I am currently serving NS, saved up money and will probably save more by working before uni. But once in uni I want to have a stable passive income to pay for things like my bike. Any tips? - Seedly
Seedly logo
Seedly logo
 

Investments

Passive Income

National Service (NS)

Undergraduate

Stocks Discussion

Online Brokerages

Kruptos

Asked on 26 Jun 2020

I am currently serving NS, saved up money and will probably save more by working before uni. But once in uni I want to have a stable passive income to pay for things like my bike. Any tips?

So i have a few investments, including maple tree reits and capitamal (100 units tho very little haha) , and a jump start account. I want to start putting in money per month to set up a passive income so I can pay for the base fee of bike maintenance (200 per months) or smth around that during my upcoming uni years . Any tips on what should I do, lump sum or dca, or anything of that sort. Would love to hear out your more experienced views. Thank you!

0 comments

2 answers

Answer Now

Answers (2)

Sort By

Yang Teng
Yang Teng
Top Contributor

Top Contributor (Aug)

Level 9. God of Wisdom
Answered on 27 Jun 2020

$200 a month would be about $2,400 a year. Given a reasonable 4% yield on investment, you require a portfolio of $60,000. This can either be completely achiveable or not, depending on your financial background.

With a small investment capital. say $1,000, you will need a whopping 20% growth to earn the $200. The easiest way to go about is to work part-time during university and saving up during NS.

During NS, you can make use of IPPT/ATP/CS to gain incentive awards. You can also cut down on mess/canteen/nights-out/ordering in/stay-out/smoking to keep more of your allowance. If you have a long break before start of uni and cannot find a job during the period, you can consider doing a short term contract (3/6 months) where the pay is significantly higher. Meanwhile, you can continue reading up articles online by the various personal finance blogs on how to budget, invest, etc.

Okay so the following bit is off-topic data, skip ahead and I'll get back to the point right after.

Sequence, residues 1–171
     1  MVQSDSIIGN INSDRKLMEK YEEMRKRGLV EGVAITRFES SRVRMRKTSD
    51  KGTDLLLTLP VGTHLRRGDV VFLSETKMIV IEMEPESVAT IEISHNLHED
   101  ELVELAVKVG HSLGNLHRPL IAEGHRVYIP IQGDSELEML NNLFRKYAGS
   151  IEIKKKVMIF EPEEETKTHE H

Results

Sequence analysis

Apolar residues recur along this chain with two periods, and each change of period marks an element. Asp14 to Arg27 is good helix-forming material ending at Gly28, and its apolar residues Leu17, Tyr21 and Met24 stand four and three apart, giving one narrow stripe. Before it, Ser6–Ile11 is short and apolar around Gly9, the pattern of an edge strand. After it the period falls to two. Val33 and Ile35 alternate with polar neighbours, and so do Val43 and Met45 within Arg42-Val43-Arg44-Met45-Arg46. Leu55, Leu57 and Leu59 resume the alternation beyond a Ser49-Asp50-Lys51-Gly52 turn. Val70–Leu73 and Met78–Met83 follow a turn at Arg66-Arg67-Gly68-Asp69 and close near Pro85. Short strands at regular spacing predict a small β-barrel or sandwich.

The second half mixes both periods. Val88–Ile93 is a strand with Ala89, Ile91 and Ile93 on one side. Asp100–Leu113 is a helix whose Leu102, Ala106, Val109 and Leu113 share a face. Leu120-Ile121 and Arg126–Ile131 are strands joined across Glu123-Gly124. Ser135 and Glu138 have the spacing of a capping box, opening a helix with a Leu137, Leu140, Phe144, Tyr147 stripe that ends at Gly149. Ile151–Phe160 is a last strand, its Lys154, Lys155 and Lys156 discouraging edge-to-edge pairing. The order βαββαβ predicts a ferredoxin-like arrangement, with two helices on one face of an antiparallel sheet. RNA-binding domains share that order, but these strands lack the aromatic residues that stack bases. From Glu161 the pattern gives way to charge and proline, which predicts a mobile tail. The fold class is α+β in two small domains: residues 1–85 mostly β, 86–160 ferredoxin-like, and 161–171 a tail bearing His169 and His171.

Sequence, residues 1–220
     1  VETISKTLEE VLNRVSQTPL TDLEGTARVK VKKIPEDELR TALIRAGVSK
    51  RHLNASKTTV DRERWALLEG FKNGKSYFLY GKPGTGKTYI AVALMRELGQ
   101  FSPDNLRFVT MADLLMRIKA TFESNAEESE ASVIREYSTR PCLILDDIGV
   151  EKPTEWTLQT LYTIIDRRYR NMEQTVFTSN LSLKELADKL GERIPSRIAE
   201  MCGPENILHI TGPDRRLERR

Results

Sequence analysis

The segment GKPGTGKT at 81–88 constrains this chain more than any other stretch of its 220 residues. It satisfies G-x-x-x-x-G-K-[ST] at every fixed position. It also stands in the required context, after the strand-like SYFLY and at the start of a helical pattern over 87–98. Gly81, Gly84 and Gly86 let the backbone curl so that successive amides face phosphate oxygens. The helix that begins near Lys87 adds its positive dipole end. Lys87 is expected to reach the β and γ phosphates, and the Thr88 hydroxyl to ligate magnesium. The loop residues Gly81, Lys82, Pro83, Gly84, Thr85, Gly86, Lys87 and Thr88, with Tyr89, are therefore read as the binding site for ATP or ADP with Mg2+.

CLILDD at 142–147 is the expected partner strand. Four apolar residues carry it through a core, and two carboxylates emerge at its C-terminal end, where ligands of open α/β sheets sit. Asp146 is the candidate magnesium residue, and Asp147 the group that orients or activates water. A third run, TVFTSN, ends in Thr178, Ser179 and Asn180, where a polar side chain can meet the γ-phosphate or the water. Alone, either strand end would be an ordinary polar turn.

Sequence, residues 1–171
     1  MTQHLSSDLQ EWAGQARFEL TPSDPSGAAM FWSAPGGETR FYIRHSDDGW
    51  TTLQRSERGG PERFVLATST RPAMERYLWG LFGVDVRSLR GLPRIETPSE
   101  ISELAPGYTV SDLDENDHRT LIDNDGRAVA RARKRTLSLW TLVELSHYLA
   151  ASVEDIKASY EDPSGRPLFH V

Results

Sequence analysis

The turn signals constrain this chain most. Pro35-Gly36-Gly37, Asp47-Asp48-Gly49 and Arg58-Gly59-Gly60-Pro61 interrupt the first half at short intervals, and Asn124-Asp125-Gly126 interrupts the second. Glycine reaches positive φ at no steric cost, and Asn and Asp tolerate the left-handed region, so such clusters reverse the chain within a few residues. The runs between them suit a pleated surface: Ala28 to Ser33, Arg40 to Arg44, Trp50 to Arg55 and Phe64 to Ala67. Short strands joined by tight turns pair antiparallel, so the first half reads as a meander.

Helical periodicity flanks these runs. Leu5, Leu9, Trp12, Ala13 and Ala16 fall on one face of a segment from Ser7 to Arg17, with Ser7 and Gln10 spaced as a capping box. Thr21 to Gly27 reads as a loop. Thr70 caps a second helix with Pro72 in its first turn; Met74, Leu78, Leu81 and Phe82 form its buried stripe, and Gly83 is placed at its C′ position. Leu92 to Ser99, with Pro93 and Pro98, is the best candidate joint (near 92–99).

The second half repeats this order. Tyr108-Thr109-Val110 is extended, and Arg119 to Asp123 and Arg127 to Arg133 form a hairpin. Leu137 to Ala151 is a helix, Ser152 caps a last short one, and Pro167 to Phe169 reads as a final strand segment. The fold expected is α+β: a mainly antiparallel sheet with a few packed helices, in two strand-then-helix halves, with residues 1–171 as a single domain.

During uni, you can look for a job or a part time work, bonus if it is relevant to your field of study. The plus of a part time work is in its flexibility. Assuming a $8/h work, you will need to work 25hrs per month which you can plan in advance. Similarly, do cut down on eating out/drinking/clubs/etc and go for cheaper alternatives.

One last note, I personally wouldn't recommend individual stock investing as it may not be very efficient for most. It is time consuming to research, analyse. order and buy the stocks as compared to index investing. Do check them out in your free time!

1 comment

ūüĎć
0
Kruptos

27 Jun 2020

Wow, this really brought a lot of insight to what I want do moving ahead, I'm going to read more books and research a bit more before investing further, thank you
Thank You!
Can you clarify
I wonder if
This is so helpful ūüĎć
What about
Post
Junior
Junior
Level 5. Genius
Answered on 27 Jun 2020

Hello, I am an NSF too!

Passive income requires quite a lot of upfront work and research. Read some books along the way and you can also look into roboadvisors.

I personally believe in DIY ETF RSP because I get the customisability and I believe that ETFs should form the core of your investments.

If you really want to stock pick, I have some opinions on some decent S-REITS on my blog! (strongandfrugal.com)

0 comments

ūüĎć
0
Thank You!
Can you clarify
I wonder if
This is so helpful ūüĎć
What about
Post